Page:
BERLIN, Sept. 27 (Xinhua) -- German main opponent the Social Democats (SPD) decided on Friday night to start exploratory talks with Chancellor Angela Merkel's conservative bloc before any formal negotiation on forming a coalition government.
The center-left SPD made the decision in a 200-participant closed-door party convention which lasted for around four hours in Berlin on Friday, five days after a federal election, during which Merkel's Christian Democratic Union (CDU) and its Bavarian sister party Christian Social Union (CSU) proved to be the biggest winner with 41.5 percent of votes, a victorious result but not enough to govern alone.
"We are confident in the talks," said SPD chairman Sigmar Gabriel in a press conference after the convention, "Our guidelines are the contents of social democratic politics."
The exploratory talks could take place as early as next week, reported Die Welt newspaper, citing unnamed convention participant.
"We also have no fear of an election if such negotiations fail," said Gabriel.
Peer Steinbrueck, SPD's chancellor candidate whose image was damaged by gaffes and missteps during his campaign, announced in the convention to withdraw from the front row of his party, either in the party or in its parliament group, according to the report of Die Welt.
"My career will come to an orderly end," the former finance minister was quoted as saying, taking the political responsibility for SPD's poor election result of 25.7 percent of votes. Its favored ally the Greens captured 8.4 percent. The Left Party got 8.6 percent of votes.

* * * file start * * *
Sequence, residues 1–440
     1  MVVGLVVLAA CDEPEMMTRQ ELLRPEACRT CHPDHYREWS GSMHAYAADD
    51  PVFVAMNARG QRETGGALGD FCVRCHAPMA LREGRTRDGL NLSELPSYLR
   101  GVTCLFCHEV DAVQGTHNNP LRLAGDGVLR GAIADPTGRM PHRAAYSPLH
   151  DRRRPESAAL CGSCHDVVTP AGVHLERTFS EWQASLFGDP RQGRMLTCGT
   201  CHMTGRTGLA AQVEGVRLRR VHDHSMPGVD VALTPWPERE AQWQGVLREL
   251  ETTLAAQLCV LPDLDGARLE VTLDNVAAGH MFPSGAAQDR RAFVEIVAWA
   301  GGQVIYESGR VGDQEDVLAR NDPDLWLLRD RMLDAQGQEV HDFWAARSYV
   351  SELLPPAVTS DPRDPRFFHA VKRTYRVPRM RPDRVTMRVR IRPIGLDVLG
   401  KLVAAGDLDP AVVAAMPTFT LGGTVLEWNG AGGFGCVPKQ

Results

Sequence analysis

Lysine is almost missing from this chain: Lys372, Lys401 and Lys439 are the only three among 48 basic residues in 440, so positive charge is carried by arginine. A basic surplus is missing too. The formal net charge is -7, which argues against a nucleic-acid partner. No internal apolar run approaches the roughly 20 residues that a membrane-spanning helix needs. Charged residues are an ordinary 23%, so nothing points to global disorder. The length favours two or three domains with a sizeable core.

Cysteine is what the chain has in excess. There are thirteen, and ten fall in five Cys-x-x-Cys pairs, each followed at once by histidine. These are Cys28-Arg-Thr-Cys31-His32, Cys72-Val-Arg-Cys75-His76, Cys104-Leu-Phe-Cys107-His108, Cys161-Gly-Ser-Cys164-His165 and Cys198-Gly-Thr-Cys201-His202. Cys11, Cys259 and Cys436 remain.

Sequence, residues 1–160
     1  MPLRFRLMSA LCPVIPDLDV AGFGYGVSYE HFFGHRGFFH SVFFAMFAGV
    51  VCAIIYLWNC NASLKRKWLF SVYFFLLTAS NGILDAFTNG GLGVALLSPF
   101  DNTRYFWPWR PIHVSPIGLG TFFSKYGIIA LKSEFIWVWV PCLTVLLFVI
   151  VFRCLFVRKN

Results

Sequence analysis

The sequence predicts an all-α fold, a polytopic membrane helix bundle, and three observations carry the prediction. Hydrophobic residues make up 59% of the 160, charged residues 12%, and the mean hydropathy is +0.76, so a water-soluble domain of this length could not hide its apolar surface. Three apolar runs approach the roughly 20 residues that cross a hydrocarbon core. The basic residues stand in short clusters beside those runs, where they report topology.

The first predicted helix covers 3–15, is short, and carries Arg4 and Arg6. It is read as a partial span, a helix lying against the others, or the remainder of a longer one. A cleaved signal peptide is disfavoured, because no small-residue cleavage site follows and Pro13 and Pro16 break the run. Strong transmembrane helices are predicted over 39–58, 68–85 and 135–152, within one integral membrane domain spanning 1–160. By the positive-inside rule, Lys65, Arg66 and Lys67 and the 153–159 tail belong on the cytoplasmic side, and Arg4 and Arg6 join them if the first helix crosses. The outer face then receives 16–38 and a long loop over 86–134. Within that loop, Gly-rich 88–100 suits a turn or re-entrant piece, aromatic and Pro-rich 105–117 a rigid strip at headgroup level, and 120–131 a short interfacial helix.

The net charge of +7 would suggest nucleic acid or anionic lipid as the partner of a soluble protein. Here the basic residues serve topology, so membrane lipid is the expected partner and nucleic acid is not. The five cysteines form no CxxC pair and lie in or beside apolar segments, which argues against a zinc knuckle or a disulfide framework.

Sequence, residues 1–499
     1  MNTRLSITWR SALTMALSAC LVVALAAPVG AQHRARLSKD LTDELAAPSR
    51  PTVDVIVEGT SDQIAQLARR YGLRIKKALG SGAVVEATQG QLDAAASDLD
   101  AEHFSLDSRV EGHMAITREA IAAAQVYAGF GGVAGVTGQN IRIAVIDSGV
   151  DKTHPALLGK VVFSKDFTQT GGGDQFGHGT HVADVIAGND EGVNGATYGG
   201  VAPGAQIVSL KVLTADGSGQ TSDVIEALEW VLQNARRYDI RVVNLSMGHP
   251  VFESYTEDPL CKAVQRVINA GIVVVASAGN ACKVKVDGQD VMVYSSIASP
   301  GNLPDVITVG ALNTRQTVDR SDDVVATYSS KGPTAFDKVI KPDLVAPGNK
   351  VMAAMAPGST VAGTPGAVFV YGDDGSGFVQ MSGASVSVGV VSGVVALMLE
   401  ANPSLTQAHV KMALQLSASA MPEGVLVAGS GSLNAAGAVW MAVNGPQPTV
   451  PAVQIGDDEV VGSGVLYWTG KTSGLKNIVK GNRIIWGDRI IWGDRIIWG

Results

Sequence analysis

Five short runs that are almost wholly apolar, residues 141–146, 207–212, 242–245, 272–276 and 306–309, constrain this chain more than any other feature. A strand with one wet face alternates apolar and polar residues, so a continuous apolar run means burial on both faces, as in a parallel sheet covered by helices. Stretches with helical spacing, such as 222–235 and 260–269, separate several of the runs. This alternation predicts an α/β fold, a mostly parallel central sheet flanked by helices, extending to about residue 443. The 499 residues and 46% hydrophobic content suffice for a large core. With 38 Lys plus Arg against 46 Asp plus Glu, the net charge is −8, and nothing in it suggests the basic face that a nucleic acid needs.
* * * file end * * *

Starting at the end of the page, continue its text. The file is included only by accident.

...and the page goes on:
Merkel said on Monday that she had contacted SPD's leadership on a possible coalition, but didn't rule out talks with other potential coalition partners.
"We are, of course, open for talks," she said.
An opinion poll result released by ZDF television on Friday suggested that 58 percent Germans would support a coalition between Merkel's conservatives and the SPD, as during Merkel's first term in 2005-2009.
According to a recent survey by the Forsa pollster, however, a higher share of 65 percent SPD members were against the idea, fearing that the SPD might have to compromise on some issues during its ally with the strong CDU/CSU union, and that the party's popularity might ultimately be damaged.